Then, according to the invention (see FIG. 1), a groove is formed, here by reactive ion etching, to such a depth that a major portion d of the depth D of the groove 20 is present within the substrate 1. The highly attractive optoelectronic devices according to the invention are obtained thereby after the device has been cleft in two places. A narrow and deep groove 20 may be readily formed by the use of reactive ion etching. In the example given, the reactive ion etching treatment preferably employs a gas mixture comprising SiCl4, Ar and CH4, preferably 25 to 30 vol. % SiCl4 and 20 to 25 vol. % CH4. The desired groove 20 can be very well formed in this manner in the InGaP/InAlGaP material system in which etching takes place through one or more layers comprising indium, such as the cladding layers 2, 4 in this case, the active layer 3, and the intermediate layer 5 above which one or several layers comprising GaAs are present, such as the contact layers 6 an 7 here. It is noted that etching of the groove 20 may also take place before the conductive layers 8, 9 and 18 are provided.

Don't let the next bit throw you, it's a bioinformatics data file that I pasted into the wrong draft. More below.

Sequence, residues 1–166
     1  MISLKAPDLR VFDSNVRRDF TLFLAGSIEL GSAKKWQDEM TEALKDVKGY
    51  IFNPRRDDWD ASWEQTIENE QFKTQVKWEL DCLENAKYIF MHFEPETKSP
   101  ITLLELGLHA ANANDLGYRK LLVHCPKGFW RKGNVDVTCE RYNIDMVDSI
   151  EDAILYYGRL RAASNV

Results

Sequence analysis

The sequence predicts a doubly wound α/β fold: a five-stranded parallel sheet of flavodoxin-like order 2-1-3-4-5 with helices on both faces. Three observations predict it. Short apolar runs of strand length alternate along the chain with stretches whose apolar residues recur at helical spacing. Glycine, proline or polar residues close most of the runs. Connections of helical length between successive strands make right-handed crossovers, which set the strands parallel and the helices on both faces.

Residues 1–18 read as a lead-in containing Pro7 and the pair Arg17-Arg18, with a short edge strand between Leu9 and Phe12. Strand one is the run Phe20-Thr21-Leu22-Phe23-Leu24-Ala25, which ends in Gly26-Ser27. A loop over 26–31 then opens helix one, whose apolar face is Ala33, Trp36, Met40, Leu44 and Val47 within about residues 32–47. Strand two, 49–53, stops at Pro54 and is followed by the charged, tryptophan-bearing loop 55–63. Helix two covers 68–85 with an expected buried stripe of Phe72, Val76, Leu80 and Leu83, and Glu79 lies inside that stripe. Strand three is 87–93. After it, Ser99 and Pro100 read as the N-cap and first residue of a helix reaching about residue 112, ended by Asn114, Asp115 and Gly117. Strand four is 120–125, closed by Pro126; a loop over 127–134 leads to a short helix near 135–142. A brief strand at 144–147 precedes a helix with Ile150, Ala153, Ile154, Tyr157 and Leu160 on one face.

The invention is not limited to the embodiments given since many modifications and variations are possible to those skilled in the art within the scope of the invention. Thus different compositions of the chosen semiconductor materials or different thicknesses from those mentioned in the example may be used. In particular, the active layer may advantageously comprise a (multi)quantum well layer structure. The device according to the invention may be advantageously formed in the GaAs/AlGaAs or InGaAsP/InP material systems instead of in the InGaP/InAlGaP material system. It is also possible to replace the conductivity types all (simultaneously) by their opposites. Alternative structures may also be used, possibly of a guiding type different from the gain-guided type. Lasers of the oxide stripe type are an example of this. It should finally be noted that the methods of providing the semiconductor layers in the embodiment may be others than the MOVPE technology. Thus, instead of MOVPE, use may be made of MOMBE (=Metal Organic Molecular Beam Epitaxy), MBE (=Molecular Beam Epitaxy), VPE (=Vapor Phase Epitaxy) or LPE (=Liquid Phase Epitaxy).